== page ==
Unique to SRT and SRT Hellcat models is a full suite of vehicle dynamics controls allowing customized throttle, suspension, transmission and traction/stability control modes. A power toggle will even let you open up the waste gate on the Hellcat's supercharger and limit the engine output to a meager 500 horsepower (using the Hellcat's black key rather than its red key accomplishes the same thing). The display is mirrored in the gauge cluster, where the SRT apps will track your 0-60 and quarter mile times too.

"SRT" badging is prominent in the interior, found on the wheel, seats, drive mode button and several other locations both obvious and not. The seats are comfortable, but not too aggressively bolstered. They're unsuited to prolonged hot-lapping sessions, but it's unlikely that too many owners will be taking the 2 ?-ton Hellcat out on road courses. The slimmer and more athletic Challenger? Maybe, but you'll want a harness to keep you planted.

Does it go?
It all comes down to tires. When the Charger SRT Hellcat hooks up, it accelerates in a way that should erode the bedrock of simple physics. When it doesn't, it sheds more rubber than an entire fleet of 18-wheelers. Under the rear fenders, you'll find Pirelli P Zero "Three-Season" performance tires in 275/40ZR20. Those keeping score at home will note the same compound and size is found on the rear axle of the 435-horsepower, 3,700lb Mustang GT equipped with the performance package. The Hellcat's size and power are just too much for those poor Pirellis.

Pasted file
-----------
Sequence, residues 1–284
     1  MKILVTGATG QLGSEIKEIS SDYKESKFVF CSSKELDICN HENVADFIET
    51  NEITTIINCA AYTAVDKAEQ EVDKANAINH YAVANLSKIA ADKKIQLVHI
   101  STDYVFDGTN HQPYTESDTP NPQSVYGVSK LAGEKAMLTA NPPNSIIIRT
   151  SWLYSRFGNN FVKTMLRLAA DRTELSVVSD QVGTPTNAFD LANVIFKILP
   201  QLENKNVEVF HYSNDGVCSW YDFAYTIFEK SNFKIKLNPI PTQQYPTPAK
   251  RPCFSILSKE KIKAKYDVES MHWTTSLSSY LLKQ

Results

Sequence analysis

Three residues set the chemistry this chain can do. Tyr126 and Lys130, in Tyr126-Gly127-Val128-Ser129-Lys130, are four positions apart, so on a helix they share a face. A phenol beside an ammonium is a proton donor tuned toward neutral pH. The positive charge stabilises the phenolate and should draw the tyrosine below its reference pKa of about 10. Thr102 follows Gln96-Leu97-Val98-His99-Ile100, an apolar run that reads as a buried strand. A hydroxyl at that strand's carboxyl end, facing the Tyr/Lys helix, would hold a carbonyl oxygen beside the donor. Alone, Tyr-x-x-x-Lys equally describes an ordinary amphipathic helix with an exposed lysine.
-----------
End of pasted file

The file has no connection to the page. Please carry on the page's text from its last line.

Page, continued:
A reasonable argument can be made that the Hellcat benefits from being under-tired in the same way the Scion FR-S and Subaru BRZ do. The lower limits may prevent drivers from fully exploiting the Hellcat's power and track-ready suspension on the street, but on the flip side, they allow for a lot of ridiculous fun. Accelerate away from a stop with any steering angle and the Hellcat is a hair's breadth of throttle travel away from a tail-out tire roast.

The absence of grip means the Hellcat transitions seamlessly up and down either side of its slip-angle curve. There's no razor's edge, but rather a progressive, predictable fall-off in traction as you push the tires beyond their capabilities.

And despite its weight, the Charger SRT Hellcat takes to twisties rather well. Put the suspension in "sport" or "track" mode and the Hellcat hunkers down and tucks in. On an open track, the throttle can be used to help control the Hellcat's line, but that's an iffy proposition on a narrow back road. The Charger is a lot of car, and you don't want its tail swinging out of a lane that is barely wide enough to hold it to begin with.




Leftlane's bottom line

The Charger Hellcat is a magnificent, boisterous, charismatic, unnecessary and thoroughly unapologetic example of American automotive engineering. The LX platform may be showing its age, but it still makes for an appealing package. We'll take two.

2015 Dodge Charger SRT Hellcat, base price, $62,295; Harman Kardon Audio Group, $1,995; Power Sunroof, $1,195; Uconnect, $695; Summer Tires, $195; Gas Guzzler Tax, $1,700; Destination, $995.



Written By: Byron Hurd